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Tips & Tricks

Tips & Tricks // The Editing Process

After 4 years of working in Lightroom, I’ve gotten my typical editing process pretty down pat. However, each image demands it’s own tweaks and sometimes there’s an image that you want something special for, but you just can’t quite figure it out.

One of those images happened for me last week.  I edited this one first:

I love the image!  The sunset & the beautiful couple… ahh… aren’t they just gorgeous?

But because this is a little outside of my typical style, I wanted to have a few other images in the session to pair it with style-wise.  The sky wasn’t working with us too well that night, so we only had a few shots where the colors were good.  I landed on this one:

Bingo!  It’s definitely not as dramatic as the last image, but still nice.  When I was finished editing it I realized that it was quite different from the original!  Here’s before & after:

If you’re familiar at all with editing software, you might be a bit surprised to find out that this was all done in Lightroom 4!  I’m a big fan of using things to their full potential, and I feel like I used quite a bit of the features within this program to make this image really pop.

If you’re not familiar with Lightroom, then this might not make much sense.  It’s definitely not a tutorial or anything, but a peek into some editing.  To start with, a little image info:

1/125 (yikes!) ISO 1250  f/5.0  17mm  <— definitely not my typical settings.  I like to shoot wide open and with a minimum of 1/200 second shutter speed.  But I wanted f/5.0 for the surroundings and I didn’t want to bump up the ISO too much because I’m not a fan of grain, even though the camera handles it well.  Plus, they’re adults and capable of standing still for a second.  🙂  And of course this image was shot in RAW.

Also, it’s worth mentioning that a little external lighting would have made the in camera look similar to my finished product.  But I didn’t have everything set up & didn’t want to spend the last few seconds of daylight setting it up. 🙂

At first, this is what I ended up with, just by changing the basic settings alone.  At first the sky was too bright, then I brought it all way dark so I could see what was salvageable in the sky.  Finally I landed on a graduated filter for the sky.Then I brought in two more graduated filters for the right and bottom sides.  I bumped up contrast & saturation a tiny bit on both as well.  Then, in the second picture below you’ll notice I made some of the grass greener.  I just used the tint brush set all the way to green & filled it in.  Once I got the areas covered that I wanted to, I brought in a little more pink to make the grass look natural.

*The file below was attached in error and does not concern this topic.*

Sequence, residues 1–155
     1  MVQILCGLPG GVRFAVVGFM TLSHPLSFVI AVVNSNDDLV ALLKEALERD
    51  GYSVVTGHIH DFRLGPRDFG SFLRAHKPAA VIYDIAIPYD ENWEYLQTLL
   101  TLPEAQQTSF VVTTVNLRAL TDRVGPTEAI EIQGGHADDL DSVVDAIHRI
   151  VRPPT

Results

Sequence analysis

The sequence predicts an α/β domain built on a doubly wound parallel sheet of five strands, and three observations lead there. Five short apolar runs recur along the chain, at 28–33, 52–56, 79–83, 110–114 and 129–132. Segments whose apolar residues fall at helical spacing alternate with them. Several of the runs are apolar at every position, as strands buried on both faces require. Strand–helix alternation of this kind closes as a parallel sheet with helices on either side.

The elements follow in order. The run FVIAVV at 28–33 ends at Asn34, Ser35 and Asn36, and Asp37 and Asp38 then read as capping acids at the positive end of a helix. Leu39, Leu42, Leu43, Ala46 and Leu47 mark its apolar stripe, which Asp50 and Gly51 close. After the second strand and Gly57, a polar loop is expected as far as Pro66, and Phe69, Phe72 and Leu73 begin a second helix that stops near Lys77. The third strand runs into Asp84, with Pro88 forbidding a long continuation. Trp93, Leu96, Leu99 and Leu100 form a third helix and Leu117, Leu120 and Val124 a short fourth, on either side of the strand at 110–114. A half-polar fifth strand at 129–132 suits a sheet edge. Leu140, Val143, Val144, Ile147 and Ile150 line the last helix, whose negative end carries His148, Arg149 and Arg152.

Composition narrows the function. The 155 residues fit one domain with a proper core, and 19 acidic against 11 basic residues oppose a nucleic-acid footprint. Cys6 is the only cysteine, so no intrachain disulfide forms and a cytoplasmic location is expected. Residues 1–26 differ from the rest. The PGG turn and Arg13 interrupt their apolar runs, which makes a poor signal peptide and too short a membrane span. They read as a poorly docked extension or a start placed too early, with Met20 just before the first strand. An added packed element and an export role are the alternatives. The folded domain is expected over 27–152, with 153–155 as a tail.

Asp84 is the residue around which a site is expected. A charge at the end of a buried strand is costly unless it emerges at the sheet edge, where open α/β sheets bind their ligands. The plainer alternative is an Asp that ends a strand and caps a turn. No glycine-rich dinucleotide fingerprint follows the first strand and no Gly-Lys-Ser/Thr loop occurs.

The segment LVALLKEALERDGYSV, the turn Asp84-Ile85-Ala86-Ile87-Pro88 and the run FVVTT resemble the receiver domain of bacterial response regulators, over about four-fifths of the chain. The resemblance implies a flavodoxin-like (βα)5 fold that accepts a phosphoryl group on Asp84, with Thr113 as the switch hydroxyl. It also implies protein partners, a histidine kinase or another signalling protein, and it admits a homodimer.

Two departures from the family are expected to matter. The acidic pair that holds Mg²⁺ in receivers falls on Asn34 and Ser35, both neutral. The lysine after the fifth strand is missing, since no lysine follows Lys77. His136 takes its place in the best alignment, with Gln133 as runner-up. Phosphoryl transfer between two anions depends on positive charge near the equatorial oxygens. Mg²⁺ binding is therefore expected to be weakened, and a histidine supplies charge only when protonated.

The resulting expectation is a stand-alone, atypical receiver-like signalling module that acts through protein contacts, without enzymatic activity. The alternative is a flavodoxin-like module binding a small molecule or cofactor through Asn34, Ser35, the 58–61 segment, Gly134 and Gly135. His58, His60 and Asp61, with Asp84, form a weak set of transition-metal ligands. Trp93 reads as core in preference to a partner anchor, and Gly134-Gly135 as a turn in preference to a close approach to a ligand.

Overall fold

Despite being a more edited look than I normally go for, I still strive to make it mostly true to life.  It’s just my editing style.  So rather than make every blade of grass green, I left some brown patches in.  I did take out a street light, a construction sign, and a distracting bird (it was so far away it just looked like dirt on the screen).  I left the fence behind them just because I can’t take that out in Lightroom 4.  Small, isolated items (like the streetlights and birds) are a cinch to take out in Lightroom 4, but the fence doesn’t have enough space around it to be done with this program, so I’ll have to use Photoshop for that.

I hope this helped you get a peek at my editing, and if you’re not familiar with graduated filters, start practicing!  They’re pretty awesome!